BEFORE THE UTAH STATE TAX COMMISSION
XXXXX : FINDINGS OF FACT,
Petitioner, ) CONCLUSIONS OF LAW,
: AND FINAL DECISION
AUDITING DIVISION OF THE ) Appeal No. 92-0125
UTAH STATE TAX COMMISSION, :
STATEMENT OF CASE
This matter came before the Utah State Tax Commission for a formal hearing on XXXXX. Alan Hennebold, Presiding Officer, heard the matter for and on behalf of the Commission. XXXXX C.P.A., accompanied by owners XXXXX represented Petitioner. XXXXX, Assistant Utah Attorney General, accompanied by XXXXX, XXXXX and XXXXX of the Auditing Division, represented Respondent. Based upon the evidence presented at the hearing, the Commission hereby makes its:
FINDINGS OF FACT
1. The tax in question is sales tax.
2. The period in question is XXXXX through XXXXX.
3. Petitioner manufactures cabinets at its facility in XXXXX Utah. It also buys or manufactures for resale various moldings, doors and other wood products.
4. From the time of its organization, Petitioner has used a cash basis for all tax reporting purposes, including sales and use tax.
5. During XXXXX Respondent audited Petitioner for compliance with sales and use tax for the period of XXXXX through XXXXX. The audit employed a projection method using the 1990 calendar year as a test period. The audit assessed Petitioner with additional sales tax of $$$$$ plus associated interest. No penalty was assessed against Petitioner.
6. Respondent issued Statutory Notice of its audit determination on XXXXX. Petitioner then filed a timely Petition for Redetermination on XXXXX.
7. The audit in question consists of five parts, each set forth as a separate audit schedule. Petitioner does not challenge schedules two or five, but does contest schedules one, three and four.
8. The audit's schedule one deals with two categories of transactions. The first category includes Petitioner's "furnish and install" contracts with out-of-state customers, where Petitioner agreed to supply and install specified cabinets, doors or other materials in the customer's real property located in XXXXX. Petitioner employed subcontractors to actually install such materials. The second category includes transactions where invoices or contracts indicate that out-of-state customers were to take delivery of merchandise at Petitioner's XXXXX establishment.
9. No sales tax was paid to Utah or any other state on the sales included in the audit's schedule one.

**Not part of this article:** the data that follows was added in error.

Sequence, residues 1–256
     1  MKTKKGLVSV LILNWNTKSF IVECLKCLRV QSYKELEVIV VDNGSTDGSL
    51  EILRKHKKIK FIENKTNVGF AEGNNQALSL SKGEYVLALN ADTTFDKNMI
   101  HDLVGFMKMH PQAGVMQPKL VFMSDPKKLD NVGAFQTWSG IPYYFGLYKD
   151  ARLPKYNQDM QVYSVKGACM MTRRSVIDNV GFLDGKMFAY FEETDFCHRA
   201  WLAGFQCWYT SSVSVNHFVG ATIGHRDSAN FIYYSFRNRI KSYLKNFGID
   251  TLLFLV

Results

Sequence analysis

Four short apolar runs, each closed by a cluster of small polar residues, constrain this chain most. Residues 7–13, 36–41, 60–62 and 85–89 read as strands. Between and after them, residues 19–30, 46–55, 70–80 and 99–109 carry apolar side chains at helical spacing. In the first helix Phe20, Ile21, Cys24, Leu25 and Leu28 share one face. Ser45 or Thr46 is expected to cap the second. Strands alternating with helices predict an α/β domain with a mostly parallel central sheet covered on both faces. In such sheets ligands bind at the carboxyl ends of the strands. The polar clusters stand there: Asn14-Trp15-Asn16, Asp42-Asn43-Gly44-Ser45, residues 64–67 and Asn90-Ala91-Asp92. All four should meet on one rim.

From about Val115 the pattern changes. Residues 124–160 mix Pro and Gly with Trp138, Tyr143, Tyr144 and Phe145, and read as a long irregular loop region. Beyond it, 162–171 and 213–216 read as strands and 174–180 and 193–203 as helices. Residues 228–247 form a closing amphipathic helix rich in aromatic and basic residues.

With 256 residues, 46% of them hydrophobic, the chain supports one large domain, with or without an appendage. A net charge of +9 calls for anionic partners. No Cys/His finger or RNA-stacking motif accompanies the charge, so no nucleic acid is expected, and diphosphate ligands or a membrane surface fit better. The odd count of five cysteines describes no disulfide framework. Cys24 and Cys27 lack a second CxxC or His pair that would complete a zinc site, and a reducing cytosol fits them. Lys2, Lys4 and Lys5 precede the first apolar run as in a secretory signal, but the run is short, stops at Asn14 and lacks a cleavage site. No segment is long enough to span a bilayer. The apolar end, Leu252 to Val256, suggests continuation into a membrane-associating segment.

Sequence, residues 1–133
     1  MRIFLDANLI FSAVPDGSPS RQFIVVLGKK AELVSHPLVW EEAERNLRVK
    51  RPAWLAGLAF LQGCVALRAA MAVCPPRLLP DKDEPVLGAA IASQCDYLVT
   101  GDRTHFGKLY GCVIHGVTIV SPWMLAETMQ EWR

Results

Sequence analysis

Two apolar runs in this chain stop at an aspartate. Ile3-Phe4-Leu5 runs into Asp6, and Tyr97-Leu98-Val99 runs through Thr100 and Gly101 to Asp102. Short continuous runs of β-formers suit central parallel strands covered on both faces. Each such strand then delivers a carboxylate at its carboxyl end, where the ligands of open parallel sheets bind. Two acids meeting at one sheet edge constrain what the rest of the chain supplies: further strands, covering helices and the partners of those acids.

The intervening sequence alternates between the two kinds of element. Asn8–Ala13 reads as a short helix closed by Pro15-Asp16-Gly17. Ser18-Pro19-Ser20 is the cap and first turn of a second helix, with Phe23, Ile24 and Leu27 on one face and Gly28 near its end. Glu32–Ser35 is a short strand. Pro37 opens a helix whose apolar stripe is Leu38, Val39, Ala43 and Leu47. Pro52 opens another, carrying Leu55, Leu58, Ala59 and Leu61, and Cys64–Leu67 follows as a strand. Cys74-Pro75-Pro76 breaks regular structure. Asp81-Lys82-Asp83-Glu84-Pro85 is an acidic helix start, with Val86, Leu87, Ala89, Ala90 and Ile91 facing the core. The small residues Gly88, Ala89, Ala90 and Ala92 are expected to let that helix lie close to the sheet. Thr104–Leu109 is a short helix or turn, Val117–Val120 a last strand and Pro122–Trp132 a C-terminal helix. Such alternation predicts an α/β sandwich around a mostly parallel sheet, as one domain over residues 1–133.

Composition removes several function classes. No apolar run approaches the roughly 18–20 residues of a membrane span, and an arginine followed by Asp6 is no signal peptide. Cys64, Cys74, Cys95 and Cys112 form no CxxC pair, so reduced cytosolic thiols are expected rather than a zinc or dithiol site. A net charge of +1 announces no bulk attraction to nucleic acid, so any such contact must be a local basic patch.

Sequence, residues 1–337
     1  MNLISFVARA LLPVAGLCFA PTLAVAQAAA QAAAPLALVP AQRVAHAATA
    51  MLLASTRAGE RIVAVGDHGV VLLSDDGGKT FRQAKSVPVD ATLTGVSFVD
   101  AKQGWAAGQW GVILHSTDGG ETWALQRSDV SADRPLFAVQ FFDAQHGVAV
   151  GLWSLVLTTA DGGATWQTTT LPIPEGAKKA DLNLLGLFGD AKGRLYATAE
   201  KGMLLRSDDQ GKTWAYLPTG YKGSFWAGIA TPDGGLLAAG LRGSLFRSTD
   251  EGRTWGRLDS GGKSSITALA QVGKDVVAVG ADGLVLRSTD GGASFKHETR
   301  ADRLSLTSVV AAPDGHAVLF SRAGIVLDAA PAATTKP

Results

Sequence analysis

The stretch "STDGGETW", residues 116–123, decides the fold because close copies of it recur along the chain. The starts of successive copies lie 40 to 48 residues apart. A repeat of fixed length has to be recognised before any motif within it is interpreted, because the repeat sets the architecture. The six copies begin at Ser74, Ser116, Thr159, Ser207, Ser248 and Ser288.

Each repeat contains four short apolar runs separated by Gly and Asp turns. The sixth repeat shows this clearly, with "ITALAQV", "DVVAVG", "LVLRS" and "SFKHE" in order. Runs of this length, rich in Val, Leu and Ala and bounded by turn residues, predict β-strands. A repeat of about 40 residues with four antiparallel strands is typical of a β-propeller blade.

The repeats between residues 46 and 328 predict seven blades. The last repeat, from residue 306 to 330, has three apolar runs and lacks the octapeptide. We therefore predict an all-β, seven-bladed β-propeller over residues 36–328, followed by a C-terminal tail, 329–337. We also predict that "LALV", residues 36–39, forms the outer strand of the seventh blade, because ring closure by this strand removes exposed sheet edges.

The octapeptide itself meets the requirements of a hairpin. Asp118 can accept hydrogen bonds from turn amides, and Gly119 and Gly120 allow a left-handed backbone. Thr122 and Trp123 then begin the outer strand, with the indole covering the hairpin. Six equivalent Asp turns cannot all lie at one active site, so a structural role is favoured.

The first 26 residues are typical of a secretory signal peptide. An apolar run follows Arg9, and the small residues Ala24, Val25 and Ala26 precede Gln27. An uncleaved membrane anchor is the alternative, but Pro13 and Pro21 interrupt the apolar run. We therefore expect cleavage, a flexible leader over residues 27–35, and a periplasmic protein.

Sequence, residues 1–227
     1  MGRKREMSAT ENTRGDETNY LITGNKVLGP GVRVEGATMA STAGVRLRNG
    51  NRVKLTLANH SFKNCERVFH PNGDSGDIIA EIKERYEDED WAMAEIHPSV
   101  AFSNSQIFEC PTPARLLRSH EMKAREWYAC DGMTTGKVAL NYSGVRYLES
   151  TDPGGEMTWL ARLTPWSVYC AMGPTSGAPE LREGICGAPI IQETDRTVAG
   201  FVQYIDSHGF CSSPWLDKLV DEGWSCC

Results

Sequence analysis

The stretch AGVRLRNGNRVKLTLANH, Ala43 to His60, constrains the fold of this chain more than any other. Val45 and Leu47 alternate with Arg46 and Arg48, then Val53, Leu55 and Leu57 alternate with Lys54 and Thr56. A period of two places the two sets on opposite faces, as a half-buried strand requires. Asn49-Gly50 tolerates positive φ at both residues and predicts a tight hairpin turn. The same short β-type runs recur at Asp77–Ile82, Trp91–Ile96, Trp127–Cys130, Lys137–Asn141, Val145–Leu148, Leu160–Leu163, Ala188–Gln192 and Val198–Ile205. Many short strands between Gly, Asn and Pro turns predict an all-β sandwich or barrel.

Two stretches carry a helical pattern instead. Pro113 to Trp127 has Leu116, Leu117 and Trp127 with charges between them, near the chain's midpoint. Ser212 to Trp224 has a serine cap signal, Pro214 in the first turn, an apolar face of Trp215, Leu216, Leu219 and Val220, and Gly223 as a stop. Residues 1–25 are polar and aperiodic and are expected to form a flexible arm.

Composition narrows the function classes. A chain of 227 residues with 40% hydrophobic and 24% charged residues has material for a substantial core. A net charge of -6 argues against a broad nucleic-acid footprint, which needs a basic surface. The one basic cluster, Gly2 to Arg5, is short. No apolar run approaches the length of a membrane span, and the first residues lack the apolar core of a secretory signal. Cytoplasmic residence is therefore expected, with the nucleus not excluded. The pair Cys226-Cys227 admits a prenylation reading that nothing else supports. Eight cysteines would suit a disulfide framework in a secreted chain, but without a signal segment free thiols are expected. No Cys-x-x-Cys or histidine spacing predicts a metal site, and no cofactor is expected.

10. Schedule one includes the XXXXX transaction, where an out-of-state customer purchased items from Petitioner, with delivery to be made to the out-of-state location by common carrier. Respondent concedes the XXXXX transaction is exempt from tax under Utah Code Ann. §59-12-104(12), and should be removed from schedule one's list of taxable transactions.
11. Except for the XXXXX transaction, Petitioner does not know whether other sales included in schedule one occurred as specified in the applicable sales documents, or deviated from the terms of such documentation.
12. With respect to schedule three, Petitioner concedes it computed its sales tax liability on a cash basis during the period covered by the audit. Schedule three adjusts Petitioner's tax accounting to an accrual basis, thereby assessing sales tax on some transactions for which Petitioner had not yet received payment.
13. Schedule four assessed sales tax against Petitioner on items consumed in its manufacturing process. Petitioner has subsequently submitted a small number of invoices from XXXXX which show that sales tax was paid on the purchases covered by those invoices.
CONCLUSIONS OF LAW
1. Sales or use tax is levied on the purchaser for the amount paid or charged for retail sales of tangible personal property made within Utah. (Utah Code Ann. §59-12-103(a).
2. Sales or use tax is levied upon the ultimate consumer of tangible personal property. (XXXXX Construction Co. v. State Tax Commission, 12 Utah 2d, 53, 362 P.2d 422 (1951).)
3. Every vendor is responsible for the collection of the sales or use tax imposed by Utah's Sales and Use Tax Act. (Utah Code Ann. §59-12-107.)
4. Sale of tangible personal property to real property contractors and repairmen is generally subject to tax. The person who converts the personal property into real property is the consumer of the personal property since he is the last to own it as personal property. (Utah State Tax Commission Administrative RuleR865-19S-58.)
5. Contractors must accrue and report tax on all merchandise bought tax-free and used in performing contracts to improve or repair real property. (Utah State Tax Commission Administrative RuleR865-19S-58.)
6. Sales of materials and supplies to contractors for use in out-of-state jobs are taxable unless sold in interstate commerce in accordance with Utah State Tax Commission Administrative RuleR865-19S-44. (Utah State Tax Commission Administrative RuleR865-19S-58.)
7. Before a sale qualifies as a sale made in interstate commerce, the transaction must involve movement of the property across state lines, the movement must be essential to the sale, and the seller must be obligated to make delivery across state lines to the buyer. (Utah State Tax Commission Administrative RuleR865-19S-44.)
8. Sales of tangible personal property to persons within Utah, which property is subsequently shipped outside Utah and incorporated pursuant to contract into real property outside Utah is exempt from Utah sales and use tax, except to the extent such other state imposes a sales or use tax on the property and allows a credit for taxes imposed by Utah's Sales and Use Tax Act. (Utah Code Ann. §59-12-104(33)).
9. Parties seeking exemptions from taxation bear the burden of proving that they qualify and are legally entitled to the exemption. (XXXXX v. Utah State Tax Commission, 617 P.2d 397 (1980)).
DECISION AND ORDER
Petitioner challenges schedules one, three and four of Respondent's audit and raises other arguments regarding the manner in which Respondent conducted its audit.
As previously noted, schedule one assesses sales tax in two categories of transactions. The first category is sales by Petitioner pursuant to "furnish and install" contracts with out-of-state customers. Petitioner did not collect tax in such transactions because it considered them to be in interstate commerce and therefore exempt under §59-12-104(12).